We have to be grateful that CNN is drawing attention to issues of race in Silicon Valley. Or do we? The cable network’s documentary “The New Promised Land: Silicon Valley” airs tomorrow, and if it hones in on structural and institutional racism in American computing and electronics industries, great.  The world of high tech R&D is too easily cast as above or outside of social factors; I spend my days teaching engineering undergrads how to question that presumption.  Specifically, with some powerful reporting by CNN we may see how familiar meritocratic claims about “genius” as the source of American high-tech innovation  (lately fueled by retrospectives of Steve Jobs’ career) have long helped support race-based exclusion in U.S. technology spheres.  I blogged about this the other week.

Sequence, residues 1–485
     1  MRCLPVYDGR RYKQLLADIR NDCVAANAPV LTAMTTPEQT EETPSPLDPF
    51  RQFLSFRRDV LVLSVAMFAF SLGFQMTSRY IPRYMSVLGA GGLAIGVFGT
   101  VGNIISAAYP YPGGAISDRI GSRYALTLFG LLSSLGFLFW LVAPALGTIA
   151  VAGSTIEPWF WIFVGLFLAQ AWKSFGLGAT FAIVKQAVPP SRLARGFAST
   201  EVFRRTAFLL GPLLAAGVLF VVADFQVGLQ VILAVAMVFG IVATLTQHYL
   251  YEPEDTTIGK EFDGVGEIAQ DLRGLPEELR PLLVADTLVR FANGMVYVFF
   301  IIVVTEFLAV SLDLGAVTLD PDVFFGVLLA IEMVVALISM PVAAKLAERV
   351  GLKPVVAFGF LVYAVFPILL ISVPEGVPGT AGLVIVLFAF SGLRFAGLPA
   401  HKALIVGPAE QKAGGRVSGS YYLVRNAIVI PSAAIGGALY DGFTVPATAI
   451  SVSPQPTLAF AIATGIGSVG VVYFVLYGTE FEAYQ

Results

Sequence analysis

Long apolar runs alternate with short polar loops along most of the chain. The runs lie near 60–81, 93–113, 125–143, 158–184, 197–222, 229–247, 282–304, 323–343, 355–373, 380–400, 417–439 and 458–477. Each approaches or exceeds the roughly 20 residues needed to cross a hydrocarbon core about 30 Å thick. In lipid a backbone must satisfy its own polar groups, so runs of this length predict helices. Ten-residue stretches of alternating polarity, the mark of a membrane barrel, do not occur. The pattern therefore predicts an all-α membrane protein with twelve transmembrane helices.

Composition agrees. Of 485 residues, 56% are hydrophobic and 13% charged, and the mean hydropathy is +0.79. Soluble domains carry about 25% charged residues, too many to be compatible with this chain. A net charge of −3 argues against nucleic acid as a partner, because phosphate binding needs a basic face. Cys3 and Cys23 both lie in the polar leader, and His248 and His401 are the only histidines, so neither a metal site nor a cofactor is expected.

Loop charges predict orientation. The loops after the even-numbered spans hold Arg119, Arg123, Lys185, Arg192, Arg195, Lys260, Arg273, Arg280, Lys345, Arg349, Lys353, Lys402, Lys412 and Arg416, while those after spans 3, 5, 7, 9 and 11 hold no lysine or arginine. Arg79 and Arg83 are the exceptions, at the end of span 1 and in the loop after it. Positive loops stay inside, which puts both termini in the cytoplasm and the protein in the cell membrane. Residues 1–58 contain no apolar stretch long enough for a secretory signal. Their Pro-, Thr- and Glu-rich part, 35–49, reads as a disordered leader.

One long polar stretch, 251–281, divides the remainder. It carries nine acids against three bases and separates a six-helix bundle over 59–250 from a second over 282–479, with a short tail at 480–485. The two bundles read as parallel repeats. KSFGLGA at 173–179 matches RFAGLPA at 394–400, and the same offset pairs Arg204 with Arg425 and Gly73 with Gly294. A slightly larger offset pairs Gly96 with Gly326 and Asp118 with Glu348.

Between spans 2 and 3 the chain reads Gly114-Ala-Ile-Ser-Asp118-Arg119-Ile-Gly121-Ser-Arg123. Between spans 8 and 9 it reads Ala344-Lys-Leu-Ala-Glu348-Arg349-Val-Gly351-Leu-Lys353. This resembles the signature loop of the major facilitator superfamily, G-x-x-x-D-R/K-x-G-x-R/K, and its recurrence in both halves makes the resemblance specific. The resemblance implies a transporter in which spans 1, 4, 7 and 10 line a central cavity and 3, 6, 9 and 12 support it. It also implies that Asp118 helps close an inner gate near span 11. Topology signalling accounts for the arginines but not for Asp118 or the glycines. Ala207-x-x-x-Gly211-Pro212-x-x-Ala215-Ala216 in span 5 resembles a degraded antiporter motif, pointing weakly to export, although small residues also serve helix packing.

But I’m a little worried. Advance screenings and media commentary on the film have generated a great deal of conversation, among bloggers and mainstream media alike.  Yesterday the New York Times reflected on the buzz itself, in “CNN Documentary Sets Off Debate on Race and Technology” by Brian Stelter and Jenna Wortham.  And much of that buzz has been about the ways in which individuals depicted in the film, such as Michael Arrington, do or don’t recognize structural inequities; that is, about the talking heads themselves. Their views provide interesting evidence but we need to go from thinking about those individuals  to a broader view.  Hank Williams lays out some of these larger issues for CNN as the network builds hype for the documentary; for example, pervasive economic impediments to the scale-up of minority-led projects. If CNN proves willing to keep that conversation going, bucking a mainstream media tradition of downplaying the race, class and gender inequities still going strong in 21st Century America, then we may have something to thank them for.